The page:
Oscar-winning filmmaker Sharmeen Obaid-Chinoy says her work is inspired by Canada's stance on many human rights issues. 

The Pakistani-born journalist, who became a Canadian citizen after moving to Toronto in 2004, won the Academy Award for best documentary short.

The dual citizen was recognized for her film Saving Face, billed as the first from Pakistan to win an Oscar.

It follows the struggles of women who have been disfigured by acid attacks, usually inflicted by husbands or relatives.

Obaid-Chinoy was born and raised in Karachi but married a Canadian citizen and now splits her time between Toronto and her various filming locales.

At Sunday's Oscar ceremony, the producer took the stage with director Daniel Junge to dedicate the award "to all the women in Pakistan who are working for change."

Reached Monday in Los Angeles, Obaid-Chinoy described the win as "stunning, overwhelming, unbelievable."

"And of course, very gratifying," said Obaid-Chinoy, whose husband was also born in Pakistan but moved to Canada after studying in the United States.

"We had been getting favourable feedback from people who had gone to see the film ... but the other films that we were competing against were also tremendous films with filmmakers who had been nominated for the Academy Award before. We thought that we had a chance but certainly we didn't think we were the front-runners."

The 40-minute Saving Face follows several women who have been disfigured by acid violence and chronicles the efforts of a doctor to reconstruct their faces and restore their dignity. It airs March 8 on HBO Canada.

"I'm inspired by the stance that Canada takes on many human rights situations," Obaid-Chinoy said of the influence she's felt from her adopted homeland.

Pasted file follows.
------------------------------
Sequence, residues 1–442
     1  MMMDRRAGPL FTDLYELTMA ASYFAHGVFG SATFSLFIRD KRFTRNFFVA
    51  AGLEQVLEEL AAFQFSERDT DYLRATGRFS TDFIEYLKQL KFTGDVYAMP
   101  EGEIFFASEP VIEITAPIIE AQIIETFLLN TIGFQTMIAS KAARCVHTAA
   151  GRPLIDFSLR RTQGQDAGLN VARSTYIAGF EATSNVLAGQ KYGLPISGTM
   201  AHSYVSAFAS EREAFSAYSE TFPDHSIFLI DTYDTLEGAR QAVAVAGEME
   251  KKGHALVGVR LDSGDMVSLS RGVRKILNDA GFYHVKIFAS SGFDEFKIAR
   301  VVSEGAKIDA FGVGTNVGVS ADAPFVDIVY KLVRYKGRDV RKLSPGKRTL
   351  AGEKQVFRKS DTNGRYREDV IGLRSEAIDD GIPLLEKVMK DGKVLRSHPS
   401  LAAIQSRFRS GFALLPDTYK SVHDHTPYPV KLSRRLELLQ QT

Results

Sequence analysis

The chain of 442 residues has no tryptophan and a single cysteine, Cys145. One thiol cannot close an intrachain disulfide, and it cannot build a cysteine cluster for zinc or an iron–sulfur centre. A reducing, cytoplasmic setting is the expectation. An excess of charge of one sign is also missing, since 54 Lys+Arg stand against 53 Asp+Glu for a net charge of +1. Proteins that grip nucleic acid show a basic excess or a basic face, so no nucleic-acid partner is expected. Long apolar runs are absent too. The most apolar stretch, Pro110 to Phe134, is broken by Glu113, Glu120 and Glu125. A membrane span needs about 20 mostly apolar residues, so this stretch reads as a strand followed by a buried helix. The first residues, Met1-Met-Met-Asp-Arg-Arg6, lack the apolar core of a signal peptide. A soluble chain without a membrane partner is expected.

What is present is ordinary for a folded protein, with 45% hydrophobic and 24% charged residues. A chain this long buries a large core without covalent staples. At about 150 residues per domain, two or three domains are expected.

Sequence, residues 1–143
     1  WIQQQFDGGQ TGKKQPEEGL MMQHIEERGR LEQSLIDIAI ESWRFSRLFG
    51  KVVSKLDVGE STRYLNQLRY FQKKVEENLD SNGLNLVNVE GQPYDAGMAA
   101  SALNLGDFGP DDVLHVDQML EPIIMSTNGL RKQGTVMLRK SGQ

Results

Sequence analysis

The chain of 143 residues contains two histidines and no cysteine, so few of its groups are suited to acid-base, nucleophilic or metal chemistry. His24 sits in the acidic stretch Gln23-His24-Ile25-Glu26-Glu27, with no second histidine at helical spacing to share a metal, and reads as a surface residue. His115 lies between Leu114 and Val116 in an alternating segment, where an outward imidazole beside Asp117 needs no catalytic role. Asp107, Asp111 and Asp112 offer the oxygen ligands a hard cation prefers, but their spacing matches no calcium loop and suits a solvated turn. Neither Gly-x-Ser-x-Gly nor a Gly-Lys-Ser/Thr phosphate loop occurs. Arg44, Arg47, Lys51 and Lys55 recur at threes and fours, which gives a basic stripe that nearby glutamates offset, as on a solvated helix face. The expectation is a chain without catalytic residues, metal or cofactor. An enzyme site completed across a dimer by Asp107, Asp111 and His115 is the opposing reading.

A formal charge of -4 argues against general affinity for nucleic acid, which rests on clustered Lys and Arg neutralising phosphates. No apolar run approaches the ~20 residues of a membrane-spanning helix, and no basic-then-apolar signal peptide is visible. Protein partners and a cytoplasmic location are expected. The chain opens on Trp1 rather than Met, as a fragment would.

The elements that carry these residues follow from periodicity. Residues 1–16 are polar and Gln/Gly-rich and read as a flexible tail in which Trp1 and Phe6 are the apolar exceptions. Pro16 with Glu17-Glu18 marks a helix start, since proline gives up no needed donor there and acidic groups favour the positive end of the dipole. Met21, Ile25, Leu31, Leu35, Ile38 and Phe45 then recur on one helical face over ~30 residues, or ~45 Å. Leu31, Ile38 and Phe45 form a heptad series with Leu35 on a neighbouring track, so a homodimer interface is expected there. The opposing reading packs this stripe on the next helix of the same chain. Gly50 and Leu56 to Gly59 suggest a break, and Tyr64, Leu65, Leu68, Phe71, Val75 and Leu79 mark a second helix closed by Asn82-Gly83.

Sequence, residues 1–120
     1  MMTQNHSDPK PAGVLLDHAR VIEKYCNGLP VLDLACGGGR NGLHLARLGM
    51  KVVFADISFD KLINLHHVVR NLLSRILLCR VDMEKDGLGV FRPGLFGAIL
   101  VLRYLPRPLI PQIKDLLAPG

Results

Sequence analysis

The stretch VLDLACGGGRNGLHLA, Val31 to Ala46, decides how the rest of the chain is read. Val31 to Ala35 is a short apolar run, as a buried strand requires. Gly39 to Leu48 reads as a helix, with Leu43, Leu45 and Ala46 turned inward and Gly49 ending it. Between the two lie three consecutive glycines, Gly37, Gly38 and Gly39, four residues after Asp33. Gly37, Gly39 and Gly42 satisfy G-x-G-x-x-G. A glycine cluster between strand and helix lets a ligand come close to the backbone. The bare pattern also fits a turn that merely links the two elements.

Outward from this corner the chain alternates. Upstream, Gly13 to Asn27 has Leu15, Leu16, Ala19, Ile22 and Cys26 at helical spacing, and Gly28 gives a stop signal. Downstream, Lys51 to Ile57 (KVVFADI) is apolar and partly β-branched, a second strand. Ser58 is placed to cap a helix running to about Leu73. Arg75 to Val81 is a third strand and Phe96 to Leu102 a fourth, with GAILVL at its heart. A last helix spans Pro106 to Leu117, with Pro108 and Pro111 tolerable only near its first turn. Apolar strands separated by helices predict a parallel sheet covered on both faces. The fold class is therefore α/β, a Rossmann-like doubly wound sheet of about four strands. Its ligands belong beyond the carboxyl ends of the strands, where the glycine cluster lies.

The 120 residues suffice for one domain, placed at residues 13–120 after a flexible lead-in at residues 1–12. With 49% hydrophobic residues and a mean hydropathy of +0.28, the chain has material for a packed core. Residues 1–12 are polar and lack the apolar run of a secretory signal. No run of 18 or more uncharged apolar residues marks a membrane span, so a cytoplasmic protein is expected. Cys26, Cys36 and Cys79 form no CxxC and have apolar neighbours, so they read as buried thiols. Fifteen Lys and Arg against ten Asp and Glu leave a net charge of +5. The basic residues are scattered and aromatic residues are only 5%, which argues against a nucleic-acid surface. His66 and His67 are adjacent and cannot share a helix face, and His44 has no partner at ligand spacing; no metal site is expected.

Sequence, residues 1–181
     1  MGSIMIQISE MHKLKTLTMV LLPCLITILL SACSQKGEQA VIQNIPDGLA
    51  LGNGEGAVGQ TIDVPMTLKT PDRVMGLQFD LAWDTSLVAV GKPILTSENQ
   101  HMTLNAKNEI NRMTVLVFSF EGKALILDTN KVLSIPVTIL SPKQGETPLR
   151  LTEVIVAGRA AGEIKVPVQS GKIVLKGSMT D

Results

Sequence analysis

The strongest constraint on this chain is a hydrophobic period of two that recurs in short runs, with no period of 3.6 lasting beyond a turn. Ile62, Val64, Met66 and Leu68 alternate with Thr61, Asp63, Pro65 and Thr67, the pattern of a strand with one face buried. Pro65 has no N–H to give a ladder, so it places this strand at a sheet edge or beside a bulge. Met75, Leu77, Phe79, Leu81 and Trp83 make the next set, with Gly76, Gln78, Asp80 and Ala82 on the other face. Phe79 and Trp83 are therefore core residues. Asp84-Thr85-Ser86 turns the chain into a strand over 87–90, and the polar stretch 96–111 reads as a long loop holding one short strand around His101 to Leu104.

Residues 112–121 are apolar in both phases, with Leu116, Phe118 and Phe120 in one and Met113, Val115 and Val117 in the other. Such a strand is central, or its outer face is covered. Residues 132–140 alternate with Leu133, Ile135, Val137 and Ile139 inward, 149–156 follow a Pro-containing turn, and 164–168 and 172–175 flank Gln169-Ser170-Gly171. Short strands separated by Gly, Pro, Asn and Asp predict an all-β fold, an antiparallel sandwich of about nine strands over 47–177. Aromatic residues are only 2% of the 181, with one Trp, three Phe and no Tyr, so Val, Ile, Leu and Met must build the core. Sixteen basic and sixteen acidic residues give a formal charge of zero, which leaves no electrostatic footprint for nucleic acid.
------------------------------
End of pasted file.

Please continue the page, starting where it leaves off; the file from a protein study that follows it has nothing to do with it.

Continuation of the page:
"I've been able to meet some wonderful people in Canada and ... I have a community of filmmakers that I work with in Canada often — editors and cameramen and the film community is very supportive." 

During her acceptance speech at the Oscar bash, Obaid-Chinoy dedicated her win to the women of Pakistan.

"Don't give up on your dreams. This is for you," said Obaid-Chinoy, also an Emmy award-winning film producer and journalist. 

Backstage, she noted that Pakistan had a vibrant film industry in the '50s and '60s but that things have since changed.

"And now my generation, there are a number of filmmakers ... trying to revive that, but it's few and far between," she said in a transcript provided by the academy. 

"And I hope that this will be an impetus to getting a more flourishing film industry in Pakistan."

Obaid-Chinoy said Hollywood's star-packed bash provided a startling brush with fame after she claimed the gold statue. She said the first two people she ran into backstage were A-listers Brad Pitt and Angelina Jolie.

"And because Angelina has a connection to Pakistan, because she's been there, it was really nice to chat with her about that and give her a copy of our film," said Obaid-Chinoy.